King tide is a nickname for the highest spring tides of the year and an important milestone for many people with ties to ocean shores.  I gave a little bit of information about it just over a year ago in King Tide.  There is an Oregon King Tide Photo Initiative, and similar projects at various coastal localities all around the world. This post is the second installment of theoutershores’ King Tide Project. The first king tide of the new year arrived on January 1, 2014 and I was there to greet it.

Young peregrine falcon
Young peregrine falcon

I arrived a couple hours before high tide and found this young peregrine more interested in me than keeping an eye on the approaching high tide.

High Tide, January 1, 2014
High Tide, January 1, 2014

High tide was projected to be 10.4′, the same as the last king tide I observed on December 12, 2012.

High tide, December 12, 2012
High tide, December 12, 2012

Here is the same view at high tide, December 12, 2012.  Why all the debris in the surf?  Even though high tide was the same, 10.4′, the wave forecast for the two days was very different.  On Jan 1, 2014 (top photo) the forecast was 1′ wind waves and 5′ swell.  On December 12, 2012 the forecast was 3′ wind waves and 13′ swell. Thus, the surge up the beach was much greater on the December 12, 2012 tide and a great deal of debris was mobilized compared to an identical tide on January 1, 2014.

High Tide, January 1, 2014
High tide, January 1, 2014

Here’s another example.  This is as high as the tide got on January 1, 2014.  This is 10.4′ on a huge old stump.

December 12, 2012
December 12, 2012

The view from December 12, 2012.  This is 10.4′ on the same stump. The difference is in the combined effect of bigger wind waves and bigger swell.

King tide is a good time for exploring the wrack line.

Jelly blob
Jelly blob

Ever find jelly blobs on the beach? One of my favorite intertidal-oriented blogs, Bay-to-Beach Life, has made a concerted effort to help folks interpret their jelly blob finds. For a good starting point, check out Latest jelly mystery.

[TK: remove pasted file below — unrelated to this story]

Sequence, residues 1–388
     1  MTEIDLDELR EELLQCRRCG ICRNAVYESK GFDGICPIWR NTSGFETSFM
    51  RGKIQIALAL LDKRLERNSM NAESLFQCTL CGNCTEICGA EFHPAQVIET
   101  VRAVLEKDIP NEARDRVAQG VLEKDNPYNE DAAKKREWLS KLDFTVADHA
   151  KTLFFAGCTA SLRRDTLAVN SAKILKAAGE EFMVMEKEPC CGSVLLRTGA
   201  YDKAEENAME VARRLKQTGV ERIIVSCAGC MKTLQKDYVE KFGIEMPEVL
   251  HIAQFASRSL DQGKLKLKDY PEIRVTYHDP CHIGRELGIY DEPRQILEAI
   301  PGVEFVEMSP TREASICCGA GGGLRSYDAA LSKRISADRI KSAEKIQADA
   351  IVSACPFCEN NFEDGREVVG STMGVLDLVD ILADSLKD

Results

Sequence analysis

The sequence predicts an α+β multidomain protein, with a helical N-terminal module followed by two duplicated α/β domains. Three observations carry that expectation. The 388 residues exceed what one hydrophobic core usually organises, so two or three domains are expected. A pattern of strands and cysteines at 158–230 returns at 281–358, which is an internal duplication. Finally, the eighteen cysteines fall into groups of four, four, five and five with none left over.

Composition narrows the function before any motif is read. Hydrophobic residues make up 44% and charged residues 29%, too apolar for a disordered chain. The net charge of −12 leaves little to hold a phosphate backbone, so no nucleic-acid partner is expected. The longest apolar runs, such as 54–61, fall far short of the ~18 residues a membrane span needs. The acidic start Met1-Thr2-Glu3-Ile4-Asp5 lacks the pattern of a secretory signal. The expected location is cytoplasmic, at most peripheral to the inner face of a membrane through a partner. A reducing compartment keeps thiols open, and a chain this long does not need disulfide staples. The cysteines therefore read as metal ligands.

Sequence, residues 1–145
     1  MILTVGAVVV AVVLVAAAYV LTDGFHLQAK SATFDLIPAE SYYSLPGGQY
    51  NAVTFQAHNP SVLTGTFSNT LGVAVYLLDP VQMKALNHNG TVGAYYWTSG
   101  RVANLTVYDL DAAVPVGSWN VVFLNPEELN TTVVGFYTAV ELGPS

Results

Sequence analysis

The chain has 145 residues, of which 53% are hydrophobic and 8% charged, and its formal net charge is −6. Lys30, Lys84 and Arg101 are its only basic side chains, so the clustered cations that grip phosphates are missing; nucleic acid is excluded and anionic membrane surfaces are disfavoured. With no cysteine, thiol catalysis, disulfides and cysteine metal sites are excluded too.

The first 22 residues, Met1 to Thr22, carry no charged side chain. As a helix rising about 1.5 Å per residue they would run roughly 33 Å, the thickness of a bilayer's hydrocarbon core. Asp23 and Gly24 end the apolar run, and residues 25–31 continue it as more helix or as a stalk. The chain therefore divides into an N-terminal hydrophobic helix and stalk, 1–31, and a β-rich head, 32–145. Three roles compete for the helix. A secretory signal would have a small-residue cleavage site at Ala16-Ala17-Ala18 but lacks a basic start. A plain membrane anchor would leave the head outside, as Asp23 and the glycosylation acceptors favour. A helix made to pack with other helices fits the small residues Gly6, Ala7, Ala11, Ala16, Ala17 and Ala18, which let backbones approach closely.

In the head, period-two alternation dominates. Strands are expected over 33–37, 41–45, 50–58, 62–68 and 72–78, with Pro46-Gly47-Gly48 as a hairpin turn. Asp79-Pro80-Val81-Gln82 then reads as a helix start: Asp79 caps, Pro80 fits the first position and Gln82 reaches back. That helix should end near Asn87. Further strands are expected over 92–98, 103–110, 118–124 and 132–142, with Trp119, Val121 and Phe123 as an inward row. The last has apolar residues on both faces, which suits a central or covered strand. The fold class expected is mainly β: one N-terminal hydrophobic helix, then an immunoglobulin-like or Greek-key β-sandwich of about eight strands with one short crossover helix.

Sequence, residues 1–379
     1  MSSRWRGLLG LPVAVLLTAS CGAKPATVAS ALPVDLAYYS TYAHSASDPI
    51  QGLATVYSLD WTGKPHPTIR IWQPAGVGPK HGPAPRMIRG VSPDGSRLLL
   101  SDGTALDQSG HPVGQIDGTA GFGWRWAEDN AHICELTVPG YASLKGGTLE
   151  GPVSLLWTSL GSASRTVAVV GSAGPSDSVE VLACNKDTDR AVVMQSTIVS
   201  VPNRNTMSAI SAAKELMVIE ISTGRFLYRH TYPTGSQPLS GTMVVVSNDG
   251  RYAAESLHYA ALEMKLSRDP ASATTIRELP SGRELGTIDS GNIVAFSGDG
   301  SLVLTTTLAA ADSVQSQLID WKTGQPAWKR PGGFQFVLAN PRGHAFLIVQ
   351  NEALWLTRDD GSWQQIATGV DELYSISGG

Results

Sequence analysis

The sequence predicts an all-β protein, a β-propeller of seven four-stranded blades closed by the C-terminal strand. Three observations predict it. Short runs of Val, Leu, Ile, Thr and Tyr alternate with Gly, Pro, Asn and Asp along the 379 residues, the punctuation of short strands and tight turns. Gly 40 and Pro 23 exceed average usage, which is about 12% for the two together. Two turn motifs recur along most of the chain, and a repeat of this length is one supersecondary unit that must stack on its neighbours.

Marbled murrelet?
Marbled murrelet

Sea birds are fairly common in the fresh wrack, but you need to be there early in the morning to find the small ones, like this marbled murrelet, because ravens and gulls get on them quickly. At least I think this is a marbled murrelet; there were two in the wrack. If you see things differently, please let me know.

To see these and a few other things I found in the fresh wrack on king tide, January 1, 2014, check out Wrack Line 2014. If you are the comparative type, you can go to Wrack Line 2012 and scroll down to December 12 to see what I found in the wrack on king tide just over a year ago.

The next king tides on theoutershores are 29 – 31 January, 2014.  Check out king tide in your area next time you get the chance.

3 thoughts

  1. Thanks for the article on king tides. My wife would like there to be a “queen tide”. My interest at king tides is with the low tide and the exposed eel grass beds which are full of invertebrates. This is a very low-energy beach on the east coast of Vancouver Island facing the Strait of Georgia. By the way, the first brant geese are back. Very early. Generally arrive end of Feb.

    1. Tell your wife I support equality. You know I love a good low tide, but I haven’t been able to check out the low tides associated with king tide in my area because they tend to arrive during dark hours. Brant are so cool. I wish I saw a few more, but they only rarely hang out on the sandy beaches. One of theoutershores’ header photos is a brant in molt.

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